The jobs report for July was slightly above expectations, with the economy adding 117,000 jobs and the topline unemployment rate reducing to 9.1%. May and June, which were particularly bad months for jobs, were also revised higher. But this is not the kind of number which would accompany a massive reduction in the jobless rate. The rule of thumb is that the country must add anywhere between 100,000 and 125,000 jobs a month just to keep up with population growth and additional people entering the job market. And more job growth would be needed to actually cut into unemployment.

The economy added 53,000 in May, up from an earlier estimate of 25,000, and 46,000 in June, up from 18,000. June’s total was still the weakest in nine months.

Hiring in July was broad-based. Manufacturers added 24,000 jobs in July, as auto companies laid off fewer workers in July than usual. Retailers hired a net total of 26,000 employees. Employment in health care grew 31,000. Hotels and restaurants added 17,000.

And once again, we see the fiscal drag from cuts to state, local and federal governments. Private hiring was once again OK, with a gain of 154,000. But governments cut 37,000 in July. Anti-stimulus continues to hurt the economy at all levels of government.

Since the recession technically ended in June 2009, the topline unemployment rate has been stuck above 9% every month but two. Now is not a time for complacency. But the debt limit deal makes it difficult to maneuver in an age of austerity, especially with expiring stimulus measures like the payroll tax cut and extended unemployment insurance. Even if by some miracle those are extended, you would basically be extending current law, and obtaining average jobs reports like this. We need a bigger boost. And that’s not likely to be around the corner.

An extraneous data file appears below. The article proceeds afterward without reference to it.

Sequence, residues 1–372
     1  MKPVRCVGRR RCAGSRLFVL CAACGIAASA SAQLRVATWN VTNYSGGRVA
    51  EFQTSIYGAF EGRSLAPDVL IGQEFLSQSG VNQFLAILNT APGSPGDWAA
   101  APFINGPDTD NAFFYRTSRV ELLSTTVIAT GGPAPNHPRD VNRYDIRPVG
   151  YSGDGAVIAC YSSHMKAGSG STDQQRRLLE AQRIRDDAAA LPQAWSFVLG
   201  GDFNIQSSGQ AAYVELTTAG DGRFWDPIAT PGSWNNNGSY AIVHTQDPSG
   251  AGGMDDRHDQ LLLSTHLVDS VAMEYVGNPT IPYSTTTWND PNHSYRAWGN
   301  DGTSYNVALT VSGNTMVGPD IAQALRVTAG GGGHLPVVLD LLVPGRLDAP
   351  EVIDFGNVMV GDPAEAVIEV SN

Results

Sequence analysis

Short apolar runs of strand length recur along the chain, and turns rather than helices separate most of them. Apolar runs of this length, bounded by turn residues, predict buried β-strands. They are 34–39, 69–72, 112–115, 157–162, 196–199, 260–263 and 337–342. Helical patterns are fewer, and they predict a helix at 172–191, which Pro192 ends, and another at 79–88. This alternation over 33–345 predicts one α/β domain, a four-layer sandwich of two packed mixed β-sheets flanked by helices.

More from the Wall Street Journal. I cannot seem to access the Bureau of Labor Statistics report this morning.

…Key stat:

The jobs report Friday showed 44.4% of unemployed Americans, or 6.2 million people, were out of work for more than six months in July. The longer someone is without a job, the harder it is to find work.

All of those people would lose their extended unemployment benefits by December without an extension.

…One thing I just learned: the employment/population ratio is at its lowest level (58.1%) since 1983. That’s a crucial number, perhaps more important than the topline unemployment rate.